The Chesterton Town Council took the first step at its meeting Monday to
sell a piece of park property to residents interested in building a home on
Members voted 5-0 to approve on first reading an ordinance which would
authorize the sale of Lot 5 at 1192 Woodland Drive in the Dunewood Estates
subdivision to Adam Rick and Nicole Negowetti, for a price of $25,000, the
average of the two appraisals required under Indiana Code for the sale of
Member Jim Ton, R-1st, expressed a desire, however, to mull over the sale
before finalizing it, so no vote was taken to approve the ordinance on final
The developer of Dunewood Estates—located off 1100N, just west of 11th
Street—had originally donated the lot to the Parks Department for
development as a community park but the Park Board subsequently determined
that it has no use for it and will put no money into it.
At a public hearing prior to the vote, Rick told members that he currently
resides on Dickinson Road but wishes to build a home on Lot 5. “We want to
live here,” Rick said. “We want to raise a family here.” Rick also called
the proposed sale a “win-win,” inasmuch as “the Town of Chesterton can get
some money to invest in other parts of the town.”
No one spoke in opposition to the sale during the public hearing, but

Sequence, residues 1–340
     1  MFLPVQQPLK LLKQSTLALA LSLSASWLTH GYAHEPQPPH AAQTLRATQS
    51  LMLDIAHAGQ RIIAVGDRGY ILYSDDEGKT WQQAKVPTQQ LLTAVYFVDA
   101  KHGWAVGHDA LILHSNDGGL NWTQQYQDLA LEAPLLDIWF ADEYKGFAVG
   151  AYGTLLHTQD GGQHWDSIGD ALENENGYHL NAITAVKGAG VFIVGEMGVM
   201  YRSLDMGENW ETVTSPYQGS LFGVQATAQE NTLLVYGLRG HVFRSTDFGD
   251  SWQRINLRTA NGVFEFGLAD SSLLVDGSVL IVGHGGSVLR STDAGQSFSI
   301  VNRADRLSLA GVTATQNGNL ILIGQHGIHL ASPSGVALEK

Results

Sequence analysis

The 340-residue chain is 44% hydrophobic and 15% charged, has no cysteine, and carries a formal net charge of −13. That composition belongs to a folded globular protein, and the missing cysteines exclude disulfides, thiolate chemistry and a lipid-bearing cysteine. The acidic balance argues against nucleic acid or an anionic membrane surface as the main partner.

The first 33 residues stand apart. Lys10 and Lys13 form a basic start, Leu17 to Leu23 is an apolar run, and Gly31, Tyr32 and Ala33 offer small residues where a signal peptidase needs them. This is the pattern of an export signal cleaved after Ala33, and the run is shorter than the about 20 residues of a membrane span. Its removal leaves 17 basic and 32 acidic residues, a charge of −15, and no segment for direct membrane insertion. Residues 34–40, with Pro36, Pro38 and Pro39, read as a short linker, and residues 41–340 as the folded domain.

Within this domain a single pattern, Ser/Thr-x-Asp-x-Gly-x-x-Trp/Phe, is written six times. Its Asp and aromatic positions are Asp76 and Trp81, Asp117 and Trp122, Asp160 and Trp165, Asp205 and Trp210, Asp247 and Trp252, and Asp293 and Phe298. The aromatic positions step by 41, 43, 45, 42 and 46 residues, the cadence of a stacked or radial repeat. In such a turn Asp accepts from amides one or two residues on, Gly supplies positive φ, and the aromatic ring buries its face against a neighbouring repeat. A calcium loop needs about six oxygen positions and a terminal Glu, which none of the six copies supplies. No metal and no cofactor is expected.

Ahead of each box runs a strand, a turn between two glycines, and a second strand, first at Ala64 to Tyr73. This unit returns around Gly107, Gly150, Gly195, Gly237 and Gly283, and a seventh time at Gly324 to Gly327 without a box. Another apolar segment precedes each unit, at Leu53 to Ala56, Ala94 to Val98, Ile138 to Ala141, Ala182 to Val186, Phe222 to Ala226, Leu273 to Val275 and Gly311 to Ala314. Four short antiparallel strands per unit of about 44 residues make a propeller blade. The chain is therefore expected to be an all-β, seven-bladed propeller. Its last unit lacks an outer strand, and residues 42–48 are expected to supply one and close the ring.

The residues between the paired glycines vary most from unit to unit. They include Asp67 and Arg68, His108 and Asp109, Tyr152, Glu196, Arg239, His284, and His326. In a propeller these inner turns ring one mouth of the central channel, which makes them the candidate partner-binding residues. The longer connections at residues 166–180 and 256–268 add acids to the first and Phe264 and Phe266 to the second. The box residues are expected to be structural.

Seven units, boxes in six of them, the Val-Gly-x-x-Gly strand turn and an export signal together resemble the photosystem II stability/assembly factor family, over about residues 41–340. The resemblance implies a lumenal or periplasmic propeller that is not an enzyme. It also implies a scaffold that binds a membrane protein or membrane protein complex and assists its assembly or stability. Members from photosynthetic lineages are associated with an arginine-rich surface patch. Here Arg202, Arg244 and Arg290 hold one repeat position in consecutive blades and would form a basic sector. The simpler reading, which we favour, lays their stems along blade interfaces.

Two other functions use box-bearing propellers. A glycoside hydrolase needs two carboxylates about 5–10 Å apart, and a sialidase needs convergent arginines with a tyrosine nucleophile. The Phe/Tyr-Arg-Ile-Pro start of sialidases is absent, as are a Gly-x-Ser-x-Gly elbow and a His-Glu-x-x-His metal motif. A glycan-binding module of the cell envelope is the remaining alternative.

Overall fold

earlier in the evening a Dunewood Estates resident, Arlene Fekete, did
object, on the grounds that it was her understanding that—if not actually
developed as a community park—Lot 5 nevertheless “was going to be left as
Park Superintendent Bruce Mathias said in response that Lot 5 “doesn’t
simply belong to your subdivision” and in any case the “Park Department
determined not to put money into it with Dogwood Park just down the street.”
“If you tell a developer he has to leave a lot open for a park and you later
sell the lot, it takes away from what the developer could have done with
it,” Fekete replied.
Town Attorney Chuck Lukmann has told the Chesterton Tribune that,
under the language of the contract, the town is not representing the platted
lot as buildable. That contract also specifically precludes the proposed
buyers from acquiring the lot on speculation or to re-sell it.
In other business, members voted 5-0 to approve an expenditure of $1,629 in
CEDIT funds to obtain a maintenance agreement with Frontier Communications
for the telephone system serving the Police and Fire departments and the
Clerk-Treasurer’s Office at the town hall.
Police Chief Dave Cincoski requested the expenditure after reporting that,
over the past week, the CPD has been experiencing problems with
call-transferring and voice mail. Frontier, for its part, said that the cost
of addressing the problems would exceed the cost of the maintenance
Fire Chief Mike Orlich took a moment to thank everyone who made Saturday’s
Open House so successful. “It was the best attended Open House ever,” he
said, with 350 visitors dropping by after the first annual Lights and Sirens
The parade and Open House kicked off National Fire Prevention Safety Week,
which officially began on Sunday.
Orlich also noted that, in honor of Breast Cancer Awareness Month,
firefighters will be wearing pink tee-shirts in October on Mondays,
Tuesdays, and Wednesdays in October.